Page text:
Trying to beat perfectionism? Start where you are.

By Sithara Stohr, MSW


“The only way to get a thing done is to start to do it, then keep on doing it, and finally you’ll finish it.” - Langston Hughes

Start Where You Are

Langston Hughes, American poet and social activist, once stated, “The only way to get a thing done is to start to do it, then keep on doing it, and finally you’ll finish it.” As a therapist, I often share this quote and related skills with my clients. If you are someone who struggles with perfectionism, it can be difficult to start something unless you know it will turn out perfectly. This can make any task feel overwhelming and lead to not wanting to do it at all. Some of us struggle with daily tasks because there is so much to juggle and it is difficult to focus or know what to prioritize. More often than not, we do not do the task because everything has piled up and becomes hard to even look at. Dishes, laundry, work, school, social engagements, the list of obligations goes on and on.


The question becomes–how can we reframe our capacity to engage with these tasks in a meaningful way?


Here are the top two skills we share for moving through life when tasks start to feel overwhelming:

First, let go of the need to complete every task to its fullest. It can feel confusing to look at a task and find ways to complete it that do not feel stereotypically complete. For example, what would it look like to do your laundry without turning all the clothes right side out? The clothes will still get clean. You can turn them right side out when you wear them. Eliminating just one step can make an arduous task feel a little more accessible. Can you clean the chair in the corner of your room with clothes piled up as opposed to cleaning the entire room? Can you have boxes or bins for the various semi-organized piles? If you cannot brush your teeth for two minutes, can you brush them for 45 seconds or rinse with mouthwash? Reframing tasks to reach a variation of your end goal can lead to a more flexible pathway to this goal.


The second skill is to do what you have the energy to do. We often limit engagement in tasks due to feeling low energy or motivation. It is important to note that various tasks inevitably take various amounts of energy, and the amount of energy each task takes varies from person to person. If you give every bit of energy you have to doing the dishes, you may not have energy left over for other tasks.


In the realm of chronic illness, this concept is often referred to as “Spoon Theory”. Allowing yourself to observe and take note of your energy on any given day creates space to prioritize tasks that are manageable and rest that is restoring. If you’re feeling low on energy, can you connect to the importance of rest or set something up in a simple way that your future self will thank you for? Doing something small, like setting your mug out for your morning coffee or picking out clothes for the morning, can leave space for more energy later on. This includes intentional rest. We often restrict our rest in order to complete something and eventually find our way to being unable to do anything. There is a gentle flow and balance we find in giving what we can and replenishing when we need to.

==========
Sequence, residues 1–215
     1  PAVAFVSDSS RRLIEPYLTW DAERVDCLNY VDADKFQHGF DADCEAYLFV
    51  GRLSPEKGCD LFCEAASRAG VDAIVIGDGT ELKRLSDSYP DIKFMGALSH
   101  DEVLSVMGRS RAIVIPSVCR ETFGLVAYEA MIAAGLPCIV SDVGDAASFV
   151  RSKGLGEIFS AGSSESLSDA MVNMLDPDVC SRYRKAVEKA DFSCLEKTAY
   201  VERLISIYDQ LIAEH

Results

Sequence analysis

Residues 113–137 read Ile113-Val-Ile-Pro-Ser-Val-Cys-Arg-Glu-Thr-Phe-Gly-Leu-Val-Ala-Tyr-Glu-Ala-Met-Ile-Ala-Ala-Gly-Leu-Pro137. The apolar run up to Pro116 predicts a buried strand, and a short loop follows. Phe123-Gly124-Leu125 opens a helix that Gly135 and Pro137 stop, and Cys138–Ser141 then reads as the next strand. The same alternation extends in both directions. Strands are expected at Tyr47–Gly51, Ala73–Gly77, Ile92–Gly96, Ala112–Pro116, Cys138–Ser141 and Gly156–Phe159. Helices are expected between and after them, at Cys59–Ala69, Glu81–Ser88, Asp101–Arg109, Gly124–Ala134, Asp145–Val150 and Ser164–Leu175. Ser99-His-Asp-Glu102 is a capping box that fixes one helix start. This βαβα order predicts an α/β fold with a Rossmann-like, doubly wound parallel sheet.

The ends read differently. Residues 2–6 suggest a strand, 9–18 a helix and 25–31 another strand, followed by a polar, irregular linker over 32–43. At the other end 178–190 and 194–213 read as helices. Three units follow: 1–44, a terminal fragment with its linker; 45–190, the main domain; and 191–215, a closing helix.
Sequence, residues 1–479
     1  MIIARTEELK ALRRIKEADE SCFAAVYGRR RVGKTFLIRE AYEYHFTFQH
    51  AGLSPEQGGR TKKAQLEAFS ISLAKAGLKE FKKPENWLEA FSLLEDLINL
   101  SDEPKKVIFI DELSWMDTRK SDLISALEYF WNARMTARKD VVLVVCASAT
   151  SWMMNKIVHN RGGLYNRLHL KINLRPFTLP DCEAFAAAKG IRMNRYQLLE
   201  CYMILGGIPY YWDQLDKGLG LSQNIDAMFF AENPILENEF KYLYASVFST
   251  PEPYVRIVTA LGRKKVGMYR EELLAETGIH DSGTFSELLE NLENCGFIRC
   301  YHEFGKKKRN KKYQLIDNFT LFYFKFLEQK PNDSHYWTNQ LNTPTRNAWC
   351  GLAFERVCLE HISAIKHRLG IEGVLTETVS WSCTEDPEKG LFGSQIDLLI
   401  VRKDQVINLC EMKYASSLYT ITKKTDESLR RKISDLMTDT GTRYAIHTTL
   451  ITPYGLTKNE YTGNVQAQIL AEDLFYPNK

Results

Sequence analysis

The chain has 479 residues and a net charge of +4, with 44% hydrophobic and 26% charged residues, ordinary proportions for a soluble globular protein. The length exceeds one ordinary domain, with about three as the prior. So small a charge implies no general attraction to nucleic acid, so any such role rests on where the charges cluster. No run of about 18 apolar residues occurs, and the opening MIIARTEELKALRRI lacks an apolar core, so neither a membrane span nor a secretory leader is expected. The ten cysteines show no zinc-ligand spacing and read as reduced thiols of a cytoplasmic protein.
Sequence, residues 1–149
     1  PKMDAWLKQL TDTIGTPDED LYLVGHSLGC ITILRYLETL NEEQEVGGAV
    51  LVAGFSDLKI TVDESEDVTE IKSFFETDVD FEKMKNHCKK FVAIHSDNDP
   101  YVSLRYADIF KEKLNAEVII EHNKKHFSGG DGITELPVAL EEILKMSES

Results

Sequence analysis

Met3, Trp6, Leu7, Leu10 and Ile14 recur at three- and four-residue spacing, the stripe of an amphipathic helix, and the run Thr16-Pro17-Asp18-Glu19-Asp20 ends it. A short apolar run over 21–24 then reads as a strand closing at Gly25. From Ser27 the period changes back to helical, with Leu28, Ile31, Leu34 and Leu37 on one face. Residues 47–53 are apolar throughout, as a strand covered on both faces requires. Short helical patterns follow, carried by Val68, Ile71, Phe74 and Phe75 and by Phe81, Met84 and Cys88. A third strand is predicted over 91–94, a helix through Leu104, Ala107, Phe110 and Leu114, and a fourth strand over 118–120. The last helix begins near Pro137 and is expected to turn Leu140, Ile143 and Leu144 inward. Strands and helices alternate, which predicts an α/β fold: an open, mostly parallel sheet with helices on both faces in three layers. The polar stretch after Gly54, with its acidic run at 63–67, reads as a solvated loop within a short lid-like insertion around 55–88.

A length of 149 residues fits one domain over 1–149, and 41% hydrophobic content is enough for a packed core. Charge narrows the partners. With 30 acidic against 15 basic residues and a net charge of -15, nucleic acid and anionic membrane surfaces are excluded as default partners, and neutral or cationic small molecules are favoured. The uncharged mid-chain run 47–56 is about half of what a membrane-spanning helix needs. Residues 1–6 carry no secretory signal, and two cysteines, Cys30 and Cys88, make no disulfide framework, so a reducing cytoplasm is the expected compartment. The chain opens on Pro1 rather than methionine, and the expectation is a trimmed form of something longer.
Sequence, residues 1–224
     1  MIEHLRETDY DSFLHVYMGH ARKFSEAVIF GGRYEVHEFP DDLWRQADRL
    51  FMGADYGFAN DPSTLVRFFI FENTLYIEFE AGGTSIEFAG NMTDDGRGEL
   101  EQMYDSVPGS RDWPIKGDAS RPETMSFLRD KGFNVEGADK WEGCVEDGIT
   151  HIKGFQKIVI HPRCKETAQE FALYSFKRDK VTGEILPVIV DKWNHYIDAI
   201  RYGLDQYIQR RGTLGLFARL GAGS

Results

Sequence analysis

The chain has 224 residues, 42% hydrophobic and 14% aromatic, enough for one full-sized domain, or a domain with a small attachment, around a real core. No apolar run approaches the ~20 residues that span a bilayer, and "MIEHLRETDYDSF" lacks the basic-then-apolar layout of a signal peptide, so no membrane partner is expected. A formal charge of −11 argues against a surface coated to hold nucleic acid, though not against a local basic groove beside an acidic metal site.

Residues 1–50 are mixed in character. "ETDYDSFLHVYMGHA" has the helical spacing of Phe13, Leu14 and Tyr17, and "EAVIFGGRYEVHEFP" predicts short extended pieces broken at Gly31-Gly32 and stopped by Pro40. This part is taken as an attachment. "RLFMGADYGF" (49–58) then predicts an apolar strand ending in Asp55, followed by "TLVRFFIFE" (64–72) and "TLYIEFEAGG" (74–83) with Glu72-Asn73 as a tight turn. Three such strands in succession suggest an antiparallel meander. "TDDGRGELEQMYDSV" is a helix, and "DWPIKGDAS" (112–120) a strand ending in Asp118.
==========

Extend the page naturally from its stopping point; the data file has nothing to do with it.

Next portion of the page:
Start somewhere.

Overall, Mr. Hughes had a great way to summarize this concept, and that is, to start somewhere. Whether it feels complete or incomplete, big or small, perfect or imperfect–the goal is to better understand your capacity and adjust tasks to this. It is rare that anyone has the capacity to do everything, and even more rare that everything is completed to stereotypical perfection. Listening to your body and mind can help you give what you have the space to give. No matter how much you can give, it is filled with the love, care, and intentionality of doing what you can.


Feeling overwhelmed? Stop and reflect.

Here are a few questions to reflect on when you feel overwhelmed by the task in front of you:

  1. Can I eliminate or adjust parts of this task to make it more accessible?

  2. Are there tasks that typically require more energy from me?

  3. How can I best use the energy I have today?

  4. Is it possible to do just a part of this task?


Here are some steps to use this skill in your daily life:
  1. Maintain a routine with some flexibility - Having morning and night routines that are relatively stable can be helpful. Set up your bed in the morning for nighttime, set up your clothes or food for the next day, etc.

  2. Set a timer or follow a timer that is set - For example, can I do a couple dishes while my lunch warms up? Can I set a ten minute timer and pick up clutter?

  3. Create a plan - Make a list. Go through this list and edit, eliminate, or delegate tasks.

  4. Rest intentionally - Create space in your daily life to allow yourself to rest in a way that feels replenishing to you.